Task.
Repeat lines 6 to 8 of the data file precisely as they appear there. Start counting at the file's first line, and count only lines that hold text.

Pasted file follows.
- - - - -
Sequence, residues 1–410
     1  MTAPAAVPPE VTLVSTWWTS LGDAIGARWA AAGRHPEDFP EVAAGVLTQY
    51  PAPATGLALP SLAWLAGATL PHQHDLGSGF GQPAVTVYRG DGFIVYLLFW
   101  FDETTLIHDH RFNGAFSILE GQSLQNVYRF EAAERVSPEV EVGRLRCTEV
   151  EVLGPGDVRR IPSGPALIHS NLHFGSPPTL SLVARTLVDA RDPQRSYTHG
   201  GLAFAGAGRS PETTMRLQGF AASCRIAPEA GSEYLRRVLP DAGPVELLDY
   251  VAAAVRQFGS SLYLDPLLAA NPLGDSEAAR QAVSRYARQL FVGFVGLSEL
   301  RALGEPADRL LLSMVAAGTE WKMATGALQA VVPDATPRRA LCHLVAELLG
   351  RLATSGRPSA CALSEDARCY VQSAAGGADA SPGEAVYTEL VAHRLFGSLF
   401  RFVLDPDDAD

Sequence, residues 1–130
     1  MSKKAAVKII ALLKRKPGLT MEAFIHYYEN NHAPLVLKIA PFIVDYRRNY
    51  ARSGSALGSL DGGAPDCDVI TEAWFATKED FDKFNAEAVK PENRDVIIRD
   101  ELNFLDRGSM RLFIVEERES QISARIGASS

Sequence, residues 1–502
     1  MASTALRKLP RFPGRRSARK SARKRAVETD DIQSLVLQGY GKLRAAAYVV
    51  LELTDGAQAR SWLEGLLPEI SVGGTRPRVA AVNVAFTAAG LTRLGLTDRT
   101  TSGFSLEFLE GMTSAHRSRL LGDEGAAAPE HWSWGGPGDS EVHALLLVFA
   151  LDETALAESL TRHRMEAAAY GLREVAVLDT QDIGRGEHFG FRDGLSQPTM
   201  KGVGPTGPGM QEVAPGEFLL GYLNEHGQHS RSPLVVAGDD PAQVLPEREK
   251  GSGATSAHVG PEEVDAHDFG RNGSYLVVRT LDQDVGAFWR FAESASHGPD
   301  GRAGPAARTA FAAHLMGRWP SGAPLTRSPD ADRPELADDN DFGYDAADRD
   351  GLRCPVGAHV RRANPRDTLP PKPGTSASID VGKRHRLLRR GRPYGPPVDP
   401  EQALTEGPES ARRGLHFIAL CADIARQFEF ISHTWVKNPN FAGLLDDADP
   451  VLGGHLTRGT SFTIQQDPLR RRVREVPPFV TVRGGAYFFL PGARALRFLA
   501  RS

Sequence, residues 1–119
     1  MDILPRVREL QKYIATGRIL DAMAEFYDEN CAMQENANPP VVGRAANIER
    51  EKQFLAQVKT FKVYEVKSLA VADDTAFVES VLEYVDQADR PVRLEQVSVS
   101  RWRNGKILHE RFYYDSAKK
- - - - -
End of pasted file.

   201  GLAFAGAGRS PETTMRLQGF AASCRIAPEA GSEYLRRVLP DAGPVELLDY
   251  VAAAVRQFGS SLYLDPLLAA NPLGDSEAAR QAVSRYARQL FVGFVGLSEL
   301  RALGEPADRL LLSMVAAGTE WKMATGALQA VVPDATPRRA LCHLVAELLG